Domingo Milella is a well-known Italian photographer. His epic contemporary landscapes reflect an age-old concern – of how man and landscape coexist.
For the past ten years, the 31-year-old Italian photographer and been charting man’s imprint on earth, directing his camera lens at his chosen subjects – caves, tombs, ancient sites and hieroglyphs, cities, homes and cemeteries – and capturing the points at which architecture and civilization meet nature, to breath-taking effect.
He was born in Bari, 1981. He has studied photography at the School of Visual Arts, New York (2005, BFA). His project has been developing over the course of the last 9 years, focusing on documentation, an esthetical catalogue of “the human landscape as it is”. Photography becomes the medium through which to present a landscape to the viewer, a medium to question the landscape itself. Observation as the main action to reformulate and encourage all what’s given in modern dialectics. Observation as the desire to reformulate the most banal of our categories: “the I”, “the other” and the world outside.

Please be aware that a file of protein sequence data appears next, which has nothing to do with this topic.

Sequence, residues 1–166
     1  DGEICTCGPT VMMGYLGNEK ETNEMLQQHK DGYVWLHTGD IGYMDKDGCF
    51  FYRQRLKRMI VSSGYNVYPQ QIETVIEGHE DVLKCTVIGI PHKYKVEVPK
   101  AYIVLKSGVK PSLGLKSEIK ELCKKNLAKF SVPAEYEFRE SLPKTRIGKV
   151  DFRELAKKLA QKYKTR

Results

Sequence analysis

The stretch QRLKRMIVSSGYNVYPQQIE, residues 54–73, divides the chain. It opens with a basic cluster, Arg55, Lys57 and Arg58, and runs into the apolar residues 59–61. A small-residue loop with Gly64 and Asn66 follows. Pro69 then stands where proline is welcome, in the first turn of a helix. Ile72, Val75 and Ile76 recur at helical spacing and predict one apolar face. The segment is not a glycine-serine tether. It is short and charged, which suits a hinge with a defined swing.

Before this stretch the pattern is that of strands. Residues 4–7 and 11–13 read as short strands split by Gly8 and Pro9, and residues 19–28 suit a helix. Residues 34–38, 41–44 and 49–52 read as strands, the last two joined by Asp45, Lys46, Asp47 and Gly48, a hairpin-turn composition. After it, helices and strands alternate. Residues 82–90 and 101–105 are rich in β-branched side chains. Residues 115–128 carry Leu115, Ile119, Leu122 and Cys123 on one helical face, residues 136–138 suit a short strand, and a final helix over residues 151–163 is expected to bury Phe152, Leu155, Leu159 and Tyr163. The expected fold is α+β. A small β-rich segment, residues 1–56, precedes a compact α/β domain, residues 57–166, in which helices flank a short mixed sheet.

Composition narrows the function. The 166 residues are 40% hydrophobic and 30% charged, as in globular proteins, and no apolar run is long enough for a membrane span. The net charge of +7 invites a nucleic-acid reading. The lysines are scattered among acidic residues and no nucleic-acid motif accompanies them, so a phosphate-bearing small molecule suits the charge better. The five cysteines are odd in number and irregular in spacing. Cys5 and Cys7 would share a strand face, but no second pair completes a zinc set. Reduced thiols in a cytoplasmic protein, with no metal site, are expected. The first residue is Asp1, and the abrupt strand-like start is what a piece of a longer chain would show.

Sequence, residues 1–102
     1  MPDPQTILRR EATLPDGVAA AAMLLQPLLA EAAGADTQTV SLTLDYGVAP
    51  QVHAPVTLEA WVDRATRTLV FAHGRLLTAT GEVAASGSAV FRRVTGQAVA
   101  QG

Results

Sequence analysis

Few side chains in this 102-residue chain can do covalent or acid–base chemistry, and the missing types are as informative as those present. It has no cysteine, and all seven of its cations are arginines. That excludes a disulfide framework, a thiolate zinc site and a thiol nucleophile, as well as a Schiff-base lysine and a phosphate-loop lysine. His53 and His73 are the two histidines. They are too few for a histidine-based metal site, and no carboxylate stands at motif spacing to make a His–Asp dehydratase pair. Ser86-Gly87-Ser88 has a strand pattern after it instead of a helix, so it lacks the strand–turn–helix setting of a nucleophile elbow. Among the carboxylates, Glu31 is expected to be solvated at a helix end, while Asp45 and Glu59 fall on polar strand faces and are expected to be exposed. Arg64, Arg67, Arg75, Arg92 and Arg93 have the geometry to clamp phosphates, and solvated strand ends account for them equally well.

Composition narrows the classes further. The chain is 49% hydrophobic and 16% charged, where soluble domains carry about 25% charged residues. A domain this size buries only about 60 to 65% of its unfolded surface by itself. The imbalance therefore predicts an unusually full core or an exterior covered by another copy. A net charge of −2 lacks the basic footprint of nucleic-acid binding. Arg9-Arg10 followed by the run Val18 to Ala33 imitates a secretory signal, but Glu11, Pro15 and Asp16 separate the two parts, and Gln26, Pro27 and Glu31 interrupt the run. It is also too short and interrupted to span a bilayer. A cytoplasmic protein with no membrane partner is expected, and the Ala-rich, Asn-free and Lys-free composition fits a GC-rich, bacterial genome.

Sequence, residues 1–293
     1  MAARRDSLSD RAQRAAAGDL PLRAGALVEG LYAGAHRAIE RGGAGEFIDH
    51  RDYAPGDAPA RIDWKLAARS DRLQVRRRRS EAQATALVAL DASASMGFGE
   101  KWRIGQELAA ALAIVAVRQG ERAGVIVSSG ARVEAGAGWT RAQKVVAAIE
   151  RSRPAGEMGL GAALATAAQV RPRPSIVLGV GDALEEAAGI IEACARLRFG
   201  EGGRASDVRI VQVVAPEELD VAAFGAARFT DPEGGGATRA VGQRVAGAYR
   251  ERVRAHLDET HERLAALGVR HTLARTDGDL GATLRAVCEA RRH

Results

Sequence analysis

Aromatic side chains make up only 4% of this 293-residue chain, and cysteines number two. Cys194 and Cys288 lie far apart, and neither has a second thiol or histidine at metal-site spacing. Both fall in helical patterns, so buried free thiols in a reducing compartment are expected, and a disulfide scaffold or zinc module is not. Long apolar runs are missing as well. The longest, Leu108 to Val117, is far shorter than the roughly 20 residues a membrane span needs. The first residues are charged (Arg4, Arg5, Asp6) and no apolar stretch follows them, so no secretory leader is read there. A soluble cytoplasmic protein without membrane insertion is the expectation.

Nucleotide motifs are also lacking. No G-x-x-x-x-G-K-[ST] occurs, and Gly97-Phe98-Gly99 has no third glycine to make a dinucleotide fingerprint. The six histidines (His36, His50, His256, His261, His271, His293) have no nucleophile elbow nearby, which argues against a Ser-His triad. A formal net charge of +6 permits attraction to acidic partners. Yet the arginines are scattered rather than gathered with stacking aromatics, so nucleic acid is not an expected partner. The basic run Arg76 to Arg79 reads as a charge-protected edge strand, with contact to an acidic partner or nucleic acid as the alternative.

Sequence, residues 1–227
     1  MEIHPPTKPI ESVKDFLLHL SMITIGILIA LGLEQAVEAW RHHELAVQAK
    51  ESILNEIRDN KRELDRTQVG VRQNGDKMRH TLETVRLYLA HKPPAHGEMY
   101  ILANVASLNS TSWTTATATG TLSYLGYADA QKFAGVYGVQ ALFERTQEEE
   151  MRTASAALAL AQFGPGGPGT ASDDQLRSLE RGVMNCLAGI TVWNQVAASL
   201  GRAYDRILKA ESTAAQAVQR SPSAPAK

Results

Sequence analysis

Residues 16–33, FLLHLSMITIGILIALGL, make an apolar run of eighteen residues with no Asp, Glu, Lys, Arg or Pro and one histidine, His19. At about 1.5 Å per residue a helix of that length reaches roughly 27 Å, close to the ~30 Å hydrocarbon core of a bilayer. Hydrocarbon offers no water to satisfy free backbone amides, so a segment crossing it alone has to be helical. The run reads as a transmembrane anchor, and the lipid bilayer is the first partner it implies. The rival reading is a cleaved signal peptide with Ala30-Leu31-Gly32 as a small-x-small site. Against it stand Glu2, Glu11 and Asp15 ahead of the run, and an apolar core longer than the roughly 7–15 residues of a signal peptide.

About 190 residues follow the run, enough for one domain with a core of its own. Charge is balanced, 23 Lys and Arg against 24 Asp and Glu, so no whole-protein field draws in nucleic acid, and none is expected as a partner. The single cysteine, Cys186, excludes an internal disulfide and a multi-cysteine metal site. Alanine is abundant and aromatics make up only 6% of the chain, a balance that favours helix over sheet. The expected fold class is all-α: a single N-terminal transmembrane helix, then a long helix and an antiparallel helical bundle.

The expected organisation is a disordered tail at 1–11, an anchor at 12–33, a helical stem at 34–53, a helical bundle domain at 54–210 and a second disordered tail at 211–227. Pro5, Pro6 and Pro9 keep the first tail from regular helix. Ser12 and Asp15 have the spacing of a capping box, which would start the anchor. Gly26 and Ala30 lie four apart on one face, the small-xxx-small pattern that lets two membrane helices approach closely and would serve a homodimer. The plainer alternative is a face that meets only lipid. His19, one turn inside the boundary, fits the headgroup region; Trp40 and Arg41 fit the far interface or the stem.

Milella has worked with Massimo Vitali and Thomas Struth has been an influential mentor. Since 2001, he has been developing his landscape project. Milella has exhibited at Brancolini Grimaldi (Rome and London), Tracy Williams, Ltd. (New York), Foam photography museum (Amsterdam), the Venice Biennale and Les Rencontres d’Arles.
The artist currently lives and works between Bari and New York.